The proposed strategy for the evaluation and correlation of a plurality of brake signals may also be further appropriately modified. In the strategy of the present invention, it is especially advantageous, in comparison to known procedures, that the possibilities of fault detection, such as in the event of a cable break, a short circuit with the ground or with the battery or the like, are substantially improved by the detection state after a driving cycle. Moreover, the vehicle safety is substantially improved by the formation of replacement values, especially in the event of significant faults. Thus, the vehicle is no longer limited in its functions, e.g., by a non-safety-critical faulty brake signal. In this way, the availability of the vehicle is increased without the vehicle safety being reduced in the process.
Within the context of the method of the present invention, some braking states of the vehicle may be detected as faulty while driving, such as in the event of a cable break or the like. Other braking states may be detected only after termination of a driving cycle. In order to enable this, a driving cycle is used in which it is ensured that the brake has been actuated and also released again. After termination of the driving cycle, it is possible to check whether all available brake signals have run through the states “Brake depressed” and “Brake not depressed” during the driving cycle. If this is not the case for a signal, this signal may preferably no longer be used for the signal evaluation during the next driving cycle. This can occur until this signal has been detected as plausible again.
If all brake signals have adopted only one state after the termination of the driving cycle, preferably the replacement values for the output signals accordingly may be set immediately. The fault reactions caused by these faults may be canceled only after termination of a correct driving cycle.
The object of the present invention may also be achieved, especially for carrying out the proposed method, via a device for monitoring brake signals in a vehicle having a transmission control unit and an engine control unit in which a fault detection and/or a plausibility check of the different brake signals is provided by the transmission control unit.
Further advantages and advantageous embodiments arise from the dependent claims and the drawings described below.
The signals received by the transmission control unit are depicted in
For the evaluation of the brake signals, a suitable fault detection may be used. For this purpose, a circuit diagram is shown in
It is evident from the table that the cases involving a short circuit are not directly detectable. Furthermore, Case 2 involves only the case in which StopLightHw=1 and StopLightCAN=0, whereby a diagnostic trouble code (DTC) is set. Case 3 is detected by the voltage level across terminal PIN 52. The replacement value for 30 StopLightHw is 0. A diagnostic trouble code (DTC) is set.
The case that StopLightHw=0 and StopLightCAN=1 without the detection of a cable break (F) is found when there is a double fault. However, this case is improbable.
The software signal brake light (Stoplight) is obtained via the OR-operator for the signals StopLightHw and StopLightCAN. What results is:
This results in the table depicted in
If the ignition is switched off and the driving cycle has been run through completely, a check may be made for each brake signal of whether both states “1” (brake actuated) and “0” (brake not actuated) have been run through. For this purpose, three brake state meters may be used, which are listed in a table in
Moreover, it is possible to perform a fault detection when there are loose contacts. For example, the state meters may be expanded by a state change meter that is capable of detecting loose contacts. This state change meter increases due to each state change for each brake signal “0”→“1” or “1”→“0”. This is shown in the form of a table in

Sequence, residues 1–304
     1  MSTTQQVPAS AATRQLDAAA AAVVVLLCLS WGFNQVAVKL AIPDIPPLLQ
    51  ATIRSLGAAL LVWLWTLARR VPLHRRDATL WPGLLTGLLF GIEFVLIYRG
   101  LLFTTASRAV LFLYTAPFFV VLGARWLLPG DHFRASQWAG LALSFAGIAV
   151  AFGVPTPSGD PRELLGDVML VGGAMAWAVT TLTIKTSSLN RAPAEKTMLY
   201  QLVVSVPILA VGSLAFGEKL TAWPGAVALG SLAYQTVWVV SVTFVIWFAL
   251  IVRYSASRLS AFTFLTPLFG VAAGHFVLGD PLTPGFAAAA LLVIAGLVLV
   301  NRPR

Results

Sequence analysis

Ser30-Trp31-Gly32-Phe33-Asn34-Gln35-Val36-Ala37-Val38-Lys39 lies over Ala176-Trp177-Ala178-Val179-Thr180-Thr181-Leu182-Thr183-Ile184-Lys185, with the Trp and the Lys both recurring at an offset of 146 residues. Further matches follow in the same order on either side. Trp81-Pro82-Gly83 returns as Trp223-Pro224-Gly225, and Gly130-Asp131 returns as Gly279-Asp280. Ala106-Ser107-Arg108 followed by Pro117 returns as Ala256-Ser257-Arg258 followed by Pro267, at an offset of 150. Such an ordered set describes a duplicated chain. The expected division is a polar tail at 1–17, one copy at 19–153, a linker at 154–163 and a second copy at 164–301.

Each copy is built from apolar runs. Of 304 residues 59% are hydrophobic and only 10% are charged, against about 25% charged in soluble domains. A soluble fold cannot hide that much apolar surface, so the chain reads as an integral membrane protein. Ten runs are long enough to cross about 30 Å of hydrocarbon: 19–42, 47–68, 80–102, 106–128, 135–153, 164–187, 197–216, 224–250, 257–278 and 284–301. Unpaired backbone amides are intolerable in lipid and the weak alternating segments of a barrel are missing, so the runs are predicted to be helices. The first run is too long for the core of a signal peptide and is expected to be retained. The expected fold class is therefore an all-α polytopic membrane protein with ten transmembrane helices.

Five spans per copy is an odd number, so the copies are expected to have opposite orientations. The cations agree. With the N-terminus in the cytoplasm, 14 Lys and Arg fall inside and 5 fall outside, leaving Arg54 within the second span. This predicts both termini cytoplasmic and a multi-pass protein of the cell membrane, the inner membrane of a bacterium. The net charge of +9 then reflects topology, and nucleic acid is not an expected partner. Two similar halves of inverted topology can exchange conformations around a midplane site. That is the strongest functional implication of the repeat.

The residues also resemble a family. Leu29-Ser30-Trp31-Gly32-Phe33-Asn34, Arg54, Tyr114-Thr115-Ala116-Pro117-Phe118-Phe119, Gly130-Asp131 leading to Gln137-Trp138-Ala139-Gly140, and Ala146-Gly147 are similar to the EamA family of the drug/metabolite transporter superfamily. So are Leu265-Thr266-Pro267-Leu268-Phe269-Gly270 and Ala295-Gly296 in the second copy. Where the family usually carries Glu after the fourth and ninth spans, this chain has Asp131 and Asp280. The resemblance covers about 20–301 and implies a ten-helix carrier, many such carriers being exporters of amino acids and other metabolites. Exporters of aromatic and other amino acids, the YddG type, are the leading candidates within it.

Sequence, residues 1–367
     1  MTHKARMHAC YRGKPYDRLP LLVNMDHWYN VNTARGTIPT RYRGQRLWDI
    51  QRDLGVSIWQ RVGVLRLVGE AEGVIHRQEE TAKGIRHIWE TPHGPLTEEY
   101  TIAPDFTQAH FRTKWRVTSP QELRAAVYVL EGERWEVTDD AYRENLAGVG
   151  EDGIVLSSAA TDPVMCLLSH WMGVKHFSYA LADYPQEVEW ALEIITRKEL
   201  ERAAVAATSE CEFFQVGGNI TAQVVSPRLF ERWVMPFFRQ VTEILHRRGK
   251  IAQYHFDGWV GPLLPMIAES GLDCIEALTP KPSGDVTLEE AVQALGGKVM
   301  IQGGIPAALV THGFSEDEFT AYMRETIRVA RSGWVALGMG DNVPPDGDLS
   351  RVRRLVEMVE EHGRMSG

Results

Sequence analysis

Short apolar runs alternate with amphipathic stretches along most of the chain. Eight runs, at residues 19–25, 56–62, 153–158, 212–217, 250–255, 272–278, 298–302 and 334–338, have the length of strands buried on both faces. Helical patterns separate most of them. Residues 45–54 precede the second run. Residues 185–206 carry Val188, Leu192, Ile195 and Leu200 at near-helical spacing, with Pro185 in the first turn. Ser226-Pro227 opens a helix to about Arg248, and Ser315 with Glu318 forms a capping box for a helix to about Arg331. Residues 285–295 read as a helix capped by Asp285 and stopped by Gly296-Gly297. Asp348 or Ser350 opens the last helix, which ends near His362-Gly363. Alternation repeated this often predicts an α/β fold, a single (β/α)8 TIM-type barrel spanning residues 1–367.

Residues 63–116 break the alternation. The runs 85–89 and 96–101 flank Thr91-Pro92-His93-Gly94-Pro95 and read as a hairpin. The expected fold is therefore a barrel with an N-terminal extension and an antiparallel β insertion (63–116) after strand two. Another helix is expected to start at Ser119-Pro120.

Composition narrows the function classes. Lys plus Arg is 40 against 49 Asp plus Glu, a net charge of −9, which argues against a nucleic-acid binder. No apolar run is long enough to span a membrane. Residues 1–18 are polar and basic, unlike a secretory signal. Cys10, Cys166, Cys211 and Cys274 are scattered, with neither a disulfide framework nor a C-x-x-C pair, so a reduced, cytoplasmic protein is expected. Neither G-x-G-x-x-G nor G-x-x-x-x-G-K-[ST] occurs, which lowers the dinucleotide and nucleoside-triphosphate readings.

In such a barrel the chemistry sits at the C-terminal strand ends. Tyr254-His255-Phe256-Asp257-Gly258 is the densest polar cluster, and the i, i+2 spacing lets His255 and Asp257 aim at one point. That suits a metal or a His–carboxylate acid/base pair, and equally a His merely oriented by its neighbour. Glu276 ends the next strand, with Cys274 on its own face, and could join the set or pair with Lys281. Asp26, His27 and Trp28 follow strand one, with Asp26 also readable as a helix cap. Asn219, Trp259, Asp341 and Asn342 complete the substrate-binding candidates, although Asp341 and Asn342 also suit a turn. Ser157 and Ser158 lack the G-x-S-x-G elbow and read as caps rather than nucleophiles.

Moreover, the measurement or the calculation of the fault is described. For example, different replacement measurements may be carried out as a function of the particular fault type, which is evident from the table shown in
Moreover, it must be noted that “*” denotes that other measurements are possible instead of or in addition to FixXe. Furthermore, “**” can denote that n may preferably adopt values in the range from approximately 3 to 5. Finally, “***” may denote that the fault meter adopts values that are preferably greater than the value 0.
In the table of
In the table of
Moreover, substitute strategies are proposed, especially for the FootBrakeAND signal. This signal may preferably always adopt the value “0”. First, the release of the parking lock in a case involving a fault is considered. If the FootBrakeAND signal is always 0, the parking lock is never released. In order to release the parking brake without the vehicle safety being reduced, different signal combinations for a driver detection are conceivable. This is also evident from the table in
The engagement of a forward gear or the reverse gear in a case involving a fault is also considered, and is shown in
The table shown in
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|U.S. Classification||701/31.7, 701/70, 701/34.4|
|International Classification||B60W30/18, B60W50/02, B60W10/10, B60K31/04, F16H61/02, F16H9/00, F16H61/00, F02D29/00, B60T17/22, B60K28/14, B60Q11/00, F16H61/662, B60T8/88, B60Q1/44, B60W10/06, F16H59/30, G05B9/02, F16H59/00, H04L1/00, B23Q1/68, F02D41/22, B60K17/00, B60K28/00, F16H61/32, B60K28/10, F16H59/70, F02D41/04, F16H59/06, F02D45/00, B60W10/04, F16H61/12|
|Cooperative Classification||B60W10/10, B60W30/1819, Y10T477/693, Y10T74/11, Y10T477/644, Y10T477/6242, B60W30/1884, F16H61/12, F16H2061/1232, B60T8/885, B60W10/06, B60W2540/12, B60T17/22, G05B9/02, F16H2312/20, F16H2312/12, F16H2061/0053, B60W10/04, B60W2540/10, F16H2061/1216, F16H61/0021, F16H2342/042, B60Q1/44, B60Q11/00, B60W10/11, F16H2061/283, F16H61/32, B60T2260/08, B60W2710/065, B60W2510/0638, B60W30/18, F16H2312/16, F16H2061/1208, F16H61/66272, F16H2061/126, B60T2270/413, B60K31/042, B60W50/038, F16H2061/1288, F02D41/042, F02D41/22|
|European Classification||B60W50/038, B60W10/11, B60Q1/44, F16H61/662K, B60K31/04B, B60T8/88B, B60W10/04, G05B9/02, B60W30/18, B60Q11/00, F02D41/04B, F16H61/32, B60T17/22, F16H61/12|